A contracting out agreement is also known as a prenuptial agreement (prenup) or a relationship property agreement. A prenup is a contract between partners that states who owns what and how to divide up a couple’s property, or assets, in the event of separation.

By making a contracting out agreement, you and your partner can “opt out” of the “normal rules” which normally apply under the Property Relationships Act 1976 (the ‘Act’). The Act allows couples to enter into a private agreement and details how the Family Court might divvy up shared assets.

This prenuptial agreement is for couples or parties intending to enter into a relationship with significant assets, which may be relationship property. Remember – your agreement will not work (it won’t be legally binding) if you do it yourself and it doesn’t comply with the formal requirements.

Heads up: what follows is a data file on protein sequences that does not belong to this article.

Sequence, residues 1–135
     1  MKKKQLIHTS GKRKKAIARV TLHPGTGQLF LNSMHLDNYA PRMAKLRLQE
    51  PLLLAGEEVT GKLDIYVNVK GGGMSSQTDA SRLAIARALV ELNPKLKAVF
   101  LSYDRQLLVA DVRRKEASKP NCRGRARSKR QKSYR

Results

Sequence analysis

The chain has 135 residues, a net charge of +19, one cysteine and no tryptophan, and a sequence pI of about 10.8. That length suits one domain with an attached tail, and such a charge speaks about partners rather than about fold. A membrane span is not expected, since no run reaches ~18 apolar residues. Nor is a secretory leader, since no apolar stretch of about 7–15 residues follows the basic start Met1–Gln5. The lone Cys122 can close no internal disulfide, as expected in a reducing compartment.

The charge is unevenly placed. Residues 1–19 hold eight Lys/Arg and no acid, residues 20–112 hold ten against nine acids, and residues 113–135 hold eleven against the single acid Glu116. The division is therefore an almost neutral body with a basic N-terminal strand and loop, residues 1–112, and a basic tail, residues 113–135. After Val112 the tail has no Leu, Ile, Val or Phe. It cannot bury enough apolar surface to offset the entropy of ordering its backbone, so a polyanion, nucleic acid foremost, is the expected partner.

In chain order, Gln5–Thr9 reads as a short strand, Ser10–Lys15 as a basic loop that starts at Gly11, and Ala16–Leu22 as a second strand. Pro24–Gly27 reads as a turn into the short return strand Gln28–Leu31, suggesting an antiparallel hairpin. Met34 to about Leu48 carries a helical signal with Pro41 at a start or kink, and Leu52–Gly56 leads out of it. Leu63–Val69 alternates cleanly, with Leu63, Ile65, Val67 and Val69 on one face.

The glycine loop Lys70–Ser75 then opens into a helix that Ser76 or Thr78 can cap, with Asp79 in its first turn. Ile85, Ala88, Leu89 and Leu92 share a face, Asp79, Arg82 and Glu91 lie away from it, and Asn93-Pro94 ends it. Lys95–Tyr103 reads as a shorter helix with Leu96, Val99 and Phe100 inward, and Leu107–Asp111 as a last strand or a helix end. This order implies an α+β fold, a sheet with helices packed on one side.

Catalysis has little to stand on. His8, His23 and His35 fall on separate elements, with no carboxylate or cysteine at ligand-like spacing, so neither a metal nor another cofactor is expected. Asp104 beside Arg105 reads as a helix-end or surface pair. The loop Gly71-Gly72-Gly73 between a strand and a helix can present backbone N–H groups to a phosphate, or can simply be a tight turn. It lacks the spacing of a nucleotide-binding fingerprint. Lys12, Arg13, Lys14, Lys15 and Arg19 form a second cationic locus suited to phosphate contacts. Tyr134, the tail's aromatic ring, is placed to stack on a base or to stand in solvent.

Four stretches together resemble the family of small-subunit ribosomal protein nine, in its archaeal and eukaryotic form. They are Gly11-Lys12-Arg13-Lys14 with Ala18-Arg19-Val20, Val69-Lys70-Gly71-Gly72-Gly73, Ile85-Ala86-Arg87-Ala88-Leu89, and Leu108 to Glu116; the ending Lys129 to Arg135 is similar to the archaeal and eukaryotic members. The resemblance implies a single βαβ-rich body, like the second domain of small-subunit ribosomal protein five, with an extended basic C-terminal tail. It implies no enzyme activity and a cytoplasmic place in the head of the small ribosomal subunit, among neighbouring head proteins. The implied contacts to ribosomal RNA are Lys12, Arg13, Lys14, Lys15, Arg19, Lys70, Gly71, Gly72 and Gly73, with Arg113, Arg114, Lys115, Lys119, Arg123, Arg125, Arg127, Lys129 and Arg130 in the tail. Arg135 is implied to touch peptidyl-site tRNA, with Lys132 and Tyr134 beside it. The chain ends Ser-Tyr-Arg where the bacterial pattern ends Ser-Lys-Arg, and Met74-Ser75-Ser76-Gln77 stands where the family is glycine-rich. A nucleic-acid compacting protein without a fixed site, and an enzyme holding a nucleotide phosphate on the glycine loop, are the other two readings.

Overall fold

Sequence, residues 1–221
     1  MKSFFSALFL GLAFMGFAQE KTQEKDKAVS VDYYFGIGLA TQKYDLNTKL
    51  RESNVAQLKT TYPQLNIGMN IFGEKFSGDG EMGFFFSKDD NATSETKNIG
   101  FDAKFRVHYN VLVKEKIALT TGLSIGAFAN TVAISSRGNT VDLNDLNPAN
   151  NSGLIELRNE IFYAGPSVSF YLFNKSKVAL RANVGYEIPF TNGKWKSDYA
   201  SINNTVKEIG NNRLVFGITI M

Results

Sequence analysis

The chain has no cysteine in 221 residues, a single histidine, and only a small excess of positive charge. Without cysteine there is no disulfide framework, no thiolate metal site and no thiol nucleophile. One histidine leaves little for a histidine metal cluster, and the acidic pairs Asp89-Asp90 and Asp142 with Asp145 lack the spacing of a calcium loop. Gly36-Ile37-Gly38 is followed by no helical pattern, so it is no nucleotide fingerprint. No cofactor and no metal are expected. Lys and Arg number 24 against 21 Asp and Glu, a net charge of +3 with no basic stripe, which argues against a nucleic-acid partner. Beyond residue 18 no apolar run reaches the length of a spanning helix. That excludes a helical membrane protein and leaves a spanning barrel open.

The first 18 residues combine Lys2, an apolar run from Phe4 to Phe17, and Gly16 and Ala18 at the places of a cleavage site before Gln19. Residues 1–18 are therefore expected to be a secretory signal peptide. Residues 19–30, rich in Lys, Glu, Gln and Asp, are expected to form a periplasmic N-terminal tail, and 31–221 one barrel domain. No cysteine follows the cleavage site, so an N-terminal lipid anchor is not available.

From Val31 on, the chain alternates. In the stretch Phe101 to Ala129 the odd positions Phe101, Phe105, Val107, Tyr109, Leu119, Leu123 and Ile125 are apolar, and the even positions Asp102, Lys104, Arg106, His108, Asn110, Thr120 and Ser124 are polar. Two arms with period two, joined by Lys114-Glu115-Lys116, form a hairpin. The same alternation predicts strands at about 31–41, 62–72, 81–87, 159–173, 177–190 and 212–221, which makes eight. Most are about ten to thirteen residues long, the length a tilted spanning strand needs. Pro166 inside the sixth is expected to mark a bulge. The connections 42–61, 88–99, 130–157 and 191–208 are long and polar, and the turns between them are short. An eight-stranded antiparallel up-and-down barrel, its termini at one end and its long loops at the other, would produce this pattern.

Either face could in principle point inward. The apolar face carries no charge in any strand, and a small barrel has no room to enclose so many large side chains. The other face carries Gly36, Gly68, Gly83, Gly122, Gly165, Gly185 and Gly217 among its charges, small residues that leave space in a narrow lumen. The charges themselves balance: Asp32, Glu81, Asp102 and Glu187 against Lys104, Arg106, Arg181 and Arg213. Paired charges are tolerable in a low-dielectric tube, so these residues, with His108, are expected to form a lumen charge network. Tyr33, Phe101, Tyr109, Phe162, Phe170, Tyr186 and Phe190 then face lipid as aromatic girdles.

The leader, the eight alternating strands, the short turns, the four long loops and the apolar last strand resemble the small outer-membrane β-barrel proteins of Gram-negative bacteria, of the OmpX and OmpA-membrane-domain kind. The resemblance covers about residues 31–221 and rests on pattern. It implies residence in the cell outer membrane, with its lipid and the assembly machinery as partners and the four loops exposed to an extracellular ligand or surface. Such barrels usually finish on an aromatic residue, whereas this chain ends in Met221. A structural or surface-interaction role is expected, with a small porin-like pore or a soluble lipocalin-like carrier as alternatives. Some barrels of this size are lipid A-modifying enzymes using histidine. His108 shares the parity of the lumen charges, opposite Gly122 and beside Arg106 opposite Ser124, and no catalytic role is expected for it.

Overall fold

If you are already in a relationship and looking to separate, you can find more information about separation agreements here.

How might the Court split our relationship property?

A Court will try to balance the division of property between couples. However, the Court recognises that there might be unequal bargaining power between couples, so the Act encourages couples to decide how to divide relationship property. This means you both choose how you want to separate your assets if your relationship ends.

When can I create a contracting out agreement?

Usually, couples will get contracting out agreements when they enter a new relationship, de facto relationship, or are considering marriage or a civil union.

As with most things, it’s best to get one as early as possible if you think you will need it. This could avoid awkward conversations or potentially expensive proceedings later down the track.

How do I get a contracting out agreement?